(5 1/2 x 3 1/2 In) This is an original vintage "Graphic Facts of America" linen postcard from the 1950s. It shows a vulture landing on the bleached skull of a longhorn steer and the poem, "Hell in Texas" by the author of "Texas a Paradise".

The Devil in Hell we've told was chained, 
And a thousand years he there remained,
He neither complained nor did he groan,
But determined to start a hell of his own.
Where he could torment the souls of men, 
Without being chained in a prison pen. 
So he asked the Lord if he had on hand
Anything left when he made this land.
The Lord said "Yes: I have plenty on hand,
But I left it down on the Rio Grande;
The fact is 'old boy' the stuff is so poor
I don't think you can use it in hell any more."
But the Devil went down to look at the truck
And said if he took it as a gift he was stuck,
For after examining it carefully and well,
He concluded the place was too dry for a hell.
So in order to get it off His hand
The Lord promised the Devil to water the land,
For He had some water or rather some dregs,
A regular cathartic and smelled like bad eggs.
Hence the trade was closed and the deed was given,
And the Lord went back to his home in heaven;
The Devil said to himself "I have all that is needed,
To make a good hell" and hence he succeeded.
He began to put thorns all over the trees,
And mixed up the sands with millions of fleas.
He scattered tarantulas along the roads;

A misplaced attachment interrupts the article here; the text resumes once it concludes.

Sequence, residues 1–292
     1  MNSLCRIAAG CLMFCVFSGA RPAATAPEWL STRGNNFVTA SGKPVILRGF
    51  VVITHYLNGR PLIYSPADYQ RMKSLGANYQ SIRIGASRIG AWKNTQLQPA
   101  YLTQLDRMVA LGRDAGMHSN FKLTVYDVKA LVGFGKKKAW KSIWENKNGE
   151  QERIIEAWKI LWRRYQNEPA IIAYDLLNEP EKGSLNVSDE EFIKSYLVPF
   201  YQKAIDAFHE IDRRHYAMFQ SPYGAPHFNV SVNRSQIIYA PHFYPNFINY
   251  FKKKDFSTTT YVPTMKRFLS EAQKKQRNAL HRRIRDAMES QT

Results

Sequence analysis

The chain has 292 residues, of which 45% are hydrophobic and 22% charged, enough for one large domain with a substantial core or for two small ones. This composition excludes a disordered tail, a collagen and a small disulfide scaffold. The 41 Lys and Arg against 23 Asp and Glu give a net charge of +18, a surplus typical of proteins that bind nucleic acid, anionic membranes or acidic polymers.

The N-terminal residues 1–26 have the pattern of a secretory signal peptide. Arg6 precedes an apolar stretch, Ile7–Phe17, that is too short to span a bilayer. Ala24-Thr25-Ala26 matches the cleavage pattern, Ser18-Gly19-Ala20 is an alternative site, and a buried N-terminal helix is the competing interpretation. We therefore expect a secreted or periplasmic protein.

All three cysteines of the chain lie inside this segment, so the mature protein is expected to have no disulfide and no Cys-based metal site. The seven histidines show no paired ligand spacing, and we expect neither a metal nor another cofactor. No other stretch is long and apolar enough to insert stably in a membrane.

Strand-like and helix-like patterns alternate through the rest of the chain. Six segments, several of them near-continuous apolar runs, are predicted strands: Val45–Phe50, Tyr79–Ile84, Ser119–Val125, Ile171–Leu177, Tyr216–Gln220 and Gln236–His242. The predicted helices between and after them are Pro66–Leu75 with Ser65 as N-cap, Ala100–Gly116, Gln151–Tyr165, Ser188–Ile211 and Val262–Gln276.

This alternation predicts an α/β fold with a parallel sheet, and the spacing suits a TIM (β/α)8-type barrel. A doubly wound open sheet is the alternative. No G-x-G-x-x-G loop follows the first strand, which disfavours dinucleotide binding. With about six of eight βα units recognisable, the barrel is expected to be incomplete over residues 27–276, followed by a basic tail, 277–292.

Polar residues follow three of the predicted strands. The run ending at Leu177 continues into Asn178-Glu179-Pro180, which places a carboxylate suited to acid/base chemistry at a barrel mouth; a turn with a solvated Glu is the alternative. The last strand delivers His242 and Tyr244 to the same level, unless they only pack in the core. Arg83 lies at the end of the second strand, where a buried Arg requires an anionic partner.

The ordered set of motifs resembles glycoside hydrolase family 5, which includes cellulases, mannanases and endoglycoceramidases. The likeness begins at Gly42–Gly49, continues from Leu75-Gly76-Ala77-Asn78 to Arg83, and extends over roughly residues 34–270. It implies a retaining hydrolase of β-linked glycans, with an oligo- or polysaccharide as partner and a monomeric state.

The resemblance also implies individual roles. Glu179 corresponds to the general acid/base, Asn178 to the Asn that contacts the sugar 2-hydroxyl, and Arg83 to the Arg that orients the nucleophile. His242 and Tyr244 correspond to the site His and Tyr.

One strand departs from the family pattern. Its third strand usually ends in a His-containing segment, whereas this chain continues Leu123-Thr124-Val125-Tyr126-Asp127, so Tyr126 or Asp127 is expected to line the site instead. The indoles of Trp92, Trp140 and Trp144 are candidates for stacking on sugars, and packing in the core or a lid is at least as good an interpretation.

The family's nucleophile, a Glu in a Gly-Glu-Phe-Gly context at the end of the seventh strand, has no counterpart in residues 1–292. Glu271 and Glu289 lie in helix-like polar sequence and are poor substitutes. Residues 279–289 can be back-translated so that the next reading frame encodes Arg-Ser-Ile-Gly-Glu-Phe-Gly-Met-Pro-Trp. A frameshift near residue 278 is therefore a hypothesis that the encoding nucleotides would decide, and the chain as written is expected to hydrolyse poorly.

Put thorns on cactus and horns on toads.
He lengthened the horns of the Texas steers,
And put an addition to the rabbit's ears;
He put a little devil in the broncho steed
And poisoned the feet of the centipede. 
The rattlesnake bites you, the scorpion stings,
The mosquito delights you with his buzzing wings,
The sand-burs prevail and so do the ants
And those who sit down need half soles on their pants.
The Devil then said that throughout the land
He'd arrange to keep up the Devil's own brand, 
And all should be Mavericks unless they bore,
Marks or scratches of bites and thorns by the score.
The heat in the summer is one hundred and ten,
Too hot for the Devil and too hot for men;
The wild boar roams through the black chaparral;
'Tis a hell of a place that he has for a hell."

The postcard is unused and is in EXCELLENT condition, light wear at the edges. 

***Item will be packaged with care in an acid free sleeve, placed between two pieces of cardboard and shipped in a Bubble mailer.***

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